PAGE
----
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Dawud v. New Jersey State Parole Board


January 11, 2008


On appeal from the New Jersey State Parole Board.

Per curiam.


Submitted: December 19, 2007

Before Judges Axelrad and Payne.

Shakeel Dawud, a State Prison inmate, appeals from a February 21, 2007 final decision of the New Jersey State Parole Board (Board), denying him parole and establishing a nine-month future eligibility term (FET). We affirm.

Appellant is currently serving a fourteen-year sentence for two counts of aggravated assault, CDS possession, CDS distribution, unlawful possession of weapons, and resisting arrest. On June 27, 2006, appellant was paroled to the Kintock Halfway Back Program (HBP). Appellant was required to complete the program as a condition of parole; however, within five days of admission he was involved in a fight and was asked to leave the program. Because of a State budget shutdown, a parole officer was unable to pick up appellant from the residence so he was instructed to sign a voluntary termination form, which he stated he did under duress. Appellant reported to his parole officer and was taken into custody on July 5, 2006, and lodged in the Atlantic County jail.

On July 18, a probable cause hearing was commenced, but adjourned to permit testimony by a representative of the HBP regarding the circumstances of appellant's departure. When the hearing resumed on July 31, the representative declined to appear, and as a consequence, appellant was again offered parole on the condition of completing another HBP. On September 25, 2006, he was re-paroled to the Bo Robinson House. According to the unit manager there, appellant disregarded two direct orders to attend a lecture on September 26. Appellant was thus discharged from the program and returned to custody.

On October 11, 2006, a two-member Board Panel (Panel) adopted the hearing officer's recommendation and revoked appellant's parole based on his violating the special condition which required him to successfully complete the HBP, and imposed a nine-month FET. In rendering its decision, the Panel noted that there was clear and convincing evidence of appellant's "inappropriate actions and demeanor" at Bo Robinson House by disregarding the direct orders and failing to follow the rules of the program. Furthermore, the incident was "more magnified in light of [appellant's] recent discharge from Kintock and then given another opportunity at Halfway Back following a revocation hearing." The Panel thus concluded that appellant's violations were sufficiently serious and persistent to warrant the parole revocation and FET.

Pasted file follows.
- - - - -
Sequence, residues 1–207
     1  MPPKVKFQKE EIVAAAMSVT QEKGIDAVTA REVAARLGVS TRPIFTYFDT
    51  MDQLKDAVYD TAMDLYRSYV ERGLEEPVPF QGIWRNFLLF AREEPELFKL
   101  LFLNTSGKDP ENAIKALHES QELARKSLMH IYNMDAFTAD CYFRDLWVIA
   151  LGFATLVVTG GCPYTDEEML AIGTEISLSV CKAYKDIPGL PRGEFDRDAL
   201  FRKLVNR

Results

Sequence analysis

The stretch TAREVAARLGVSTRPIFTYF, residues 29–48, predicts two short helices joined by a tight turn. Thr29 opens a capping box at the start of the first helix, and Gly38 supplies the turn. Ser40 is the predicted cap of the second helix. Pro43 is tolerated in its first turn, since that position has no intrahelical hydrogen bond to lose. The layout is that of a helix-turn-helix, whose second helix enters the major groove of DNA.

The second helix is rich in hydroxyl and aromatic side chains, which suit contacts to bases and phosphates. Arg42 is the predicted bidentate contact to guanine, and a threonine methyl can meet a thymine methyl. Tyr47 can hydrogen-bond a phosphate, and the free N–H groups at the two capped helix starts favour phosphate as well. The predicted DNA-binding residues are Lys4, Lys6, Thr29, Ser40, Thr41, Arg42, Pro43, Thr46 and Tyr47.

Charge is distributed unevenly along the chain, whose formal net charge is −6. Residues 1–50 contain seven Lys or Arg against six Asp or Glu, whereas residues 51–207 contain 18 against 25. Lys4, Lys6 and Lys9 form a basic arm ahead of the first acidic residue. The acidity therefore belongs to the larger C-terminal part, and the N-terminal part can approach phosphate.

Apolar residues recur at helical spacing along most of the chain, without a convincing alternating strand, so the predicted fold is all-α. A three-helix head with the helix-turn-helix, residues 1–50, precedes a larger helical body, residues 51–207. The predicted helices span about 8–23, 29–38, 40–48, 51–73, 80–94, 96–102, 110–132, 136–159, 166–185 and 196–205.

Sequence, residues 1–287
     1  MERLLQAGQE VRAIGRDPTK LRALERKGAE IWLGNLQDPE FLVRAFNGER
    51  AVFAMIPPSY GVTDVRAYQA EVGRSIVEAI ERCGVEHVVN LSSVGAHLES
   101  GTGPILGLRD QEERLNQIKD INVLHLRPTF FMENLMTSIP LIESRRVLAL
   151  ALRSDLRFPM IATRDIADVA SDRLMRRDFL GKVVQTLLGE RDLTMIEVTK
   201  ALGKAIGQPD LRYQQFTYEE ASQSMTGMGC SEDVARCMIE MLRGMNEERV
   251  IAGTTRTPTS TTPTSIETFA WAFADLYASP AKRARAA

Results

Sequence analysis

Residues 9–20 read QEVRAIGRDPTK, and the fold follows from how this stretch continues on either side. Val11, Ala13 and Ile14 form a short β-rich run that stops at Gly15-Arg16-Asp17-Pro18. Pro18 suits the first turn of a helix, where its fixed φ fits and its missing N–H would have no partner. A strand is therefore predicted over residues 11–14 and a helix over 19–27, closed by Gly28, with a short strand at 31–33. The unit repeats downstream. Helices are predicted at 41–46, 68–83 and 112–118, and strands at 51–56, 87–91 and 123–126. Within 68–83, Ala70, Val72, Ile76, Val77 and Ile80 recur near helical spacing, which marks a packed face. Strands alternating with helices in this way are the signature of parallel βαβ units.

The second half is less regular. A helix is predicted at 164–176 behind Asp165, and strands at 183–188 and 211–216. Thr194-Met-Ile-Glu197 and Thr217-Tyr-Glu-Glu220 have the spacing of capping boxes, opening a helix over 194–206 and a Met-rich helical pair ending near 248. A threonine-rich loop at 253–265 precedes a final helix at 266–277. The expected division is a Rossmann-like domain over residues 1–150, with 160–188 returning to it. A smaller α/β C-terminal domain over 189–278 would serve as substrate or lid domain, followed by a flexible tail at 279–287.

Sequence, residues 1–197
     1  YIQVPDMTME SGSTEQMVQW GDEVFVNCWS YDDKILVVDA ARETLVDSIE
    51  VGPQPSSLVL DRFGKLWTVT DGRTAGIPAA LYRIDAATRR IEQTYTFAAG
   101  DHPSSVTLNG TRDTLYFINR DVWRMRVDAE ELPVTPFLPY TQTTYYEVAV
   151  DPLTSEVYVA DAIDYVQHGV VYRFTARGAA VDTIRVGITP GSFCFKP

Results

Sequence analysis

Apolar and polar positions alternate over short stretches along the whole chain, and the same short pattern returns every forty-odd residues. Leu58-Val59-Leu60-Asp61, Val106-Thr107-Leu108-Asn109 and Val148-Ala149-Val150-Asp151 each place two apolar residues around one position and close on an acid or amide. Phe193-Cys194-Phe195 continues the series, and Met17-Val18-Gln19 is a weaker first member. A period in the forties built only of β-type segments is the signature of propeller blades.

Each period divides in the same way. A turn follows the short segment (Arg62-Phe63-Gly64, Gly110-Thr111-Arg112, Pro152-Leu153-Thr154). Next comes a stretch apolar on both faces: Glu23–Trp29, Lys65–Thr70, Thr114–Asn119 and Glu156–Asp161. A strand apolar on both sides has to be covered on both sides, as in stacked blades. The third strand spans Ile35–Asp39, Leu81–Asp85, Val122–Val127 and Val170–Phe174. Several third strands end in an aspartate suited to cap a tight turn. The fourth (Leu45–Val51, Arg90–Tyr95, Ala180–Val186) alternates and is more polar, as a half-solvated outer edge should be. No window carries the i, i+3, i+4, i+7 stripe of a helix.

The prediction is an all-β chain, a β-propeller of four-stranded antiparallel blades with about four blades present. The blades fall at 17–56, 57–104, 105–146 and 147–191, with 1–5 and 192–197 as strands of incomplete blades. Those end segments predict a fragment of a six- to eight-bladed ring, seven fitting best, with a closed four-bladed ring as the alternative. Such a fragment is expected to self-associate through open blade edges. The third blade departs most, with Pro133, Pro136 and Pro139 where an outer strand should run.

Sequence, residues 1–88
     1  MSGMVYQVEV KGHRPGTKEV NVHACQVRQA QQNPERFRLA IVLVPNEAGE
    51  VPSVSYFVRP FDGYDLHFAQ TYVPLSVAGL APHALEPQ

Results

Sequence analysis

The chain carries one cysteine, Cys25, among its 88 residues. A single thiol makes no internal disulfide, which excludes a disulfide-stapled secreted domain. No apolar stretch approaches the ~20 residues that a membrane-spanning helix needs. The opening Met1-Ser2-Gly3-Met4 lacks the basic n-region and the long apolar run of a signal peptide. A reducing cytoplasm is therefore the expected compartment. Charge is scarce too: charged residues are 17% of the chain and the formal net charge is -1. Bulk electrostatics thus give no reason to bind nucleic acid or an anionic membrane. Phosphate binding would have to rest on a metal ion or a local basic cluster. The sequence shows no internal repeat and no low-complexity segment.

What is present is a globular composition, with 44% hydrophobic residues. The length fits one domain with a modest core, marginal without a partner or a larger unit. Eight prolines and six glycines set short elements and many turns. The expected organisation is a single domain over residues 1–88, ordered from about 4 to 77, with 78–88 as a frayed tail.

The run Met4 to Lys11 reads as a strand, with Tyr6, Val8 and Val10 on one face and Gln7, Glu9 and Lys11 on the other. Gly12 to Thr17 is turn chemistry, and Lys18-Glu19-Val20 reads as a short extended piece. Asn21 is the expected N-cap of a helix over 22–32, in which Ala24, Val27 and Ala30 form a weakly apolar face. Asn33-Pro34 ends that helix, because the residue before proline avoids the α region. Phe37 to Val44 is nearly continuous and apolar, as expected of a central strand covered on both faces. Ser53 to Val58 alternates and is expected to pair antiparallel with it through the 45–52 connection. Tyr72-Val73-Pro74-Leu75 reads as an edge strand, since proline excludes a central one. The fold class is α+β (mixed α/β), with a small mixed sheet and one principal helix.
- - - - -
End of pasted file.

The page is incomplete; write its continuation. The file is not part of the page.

Appellant filed an administrative appeal to the Board. On February 21, 2007, the Board affirmed the Panel's decision denying parole and establishing a nine-month FET. The Board noted appellant's explanation of the incident at the Kintock Program, in which he claimed he tried to break up a fight in a courtyard riot and did nothing wrong, and that he signed the voluntary discharge papers under duress. It further noted appellant's claim that he had not been given an orientation or schedule at Bo Robinson, had overslept, and was not aware of the group meeting and his obligation to attend. The Board mentioned other mitigating factors cited by appellant. The Board found, however, that the evidence supported crediting the testimony of the unit manager at Bo Robinson that appellant failed to abide by his directive to attend the lecture, and was thus uncooperative and insubordinate, and failed to abide by the rules and regulations, including participation in treatment programs. The Board was satisfied that appellant violated the special condition of parole by failing to successfully complete the HBP at either Kintock or Bo Robinson, thereby constituting a serious violation of the conditions of parole and warranting revocation of parole. The Board imposed the presumptive nine-month FET pursuant to N.J.A.C. 10A:71-7.17B.

On appeal, appellant argues that his due process rights were violated because he was not given notice of the rules and regulations of the Bo Robinson halfway house and a schedule of the programs that he had to attend. Appellant also argues that he is entitled to commutation and work credit toward the nine-month FET for the two months he was unlawfully detained in the Atlantic County jail awaiting transfer to another HBP.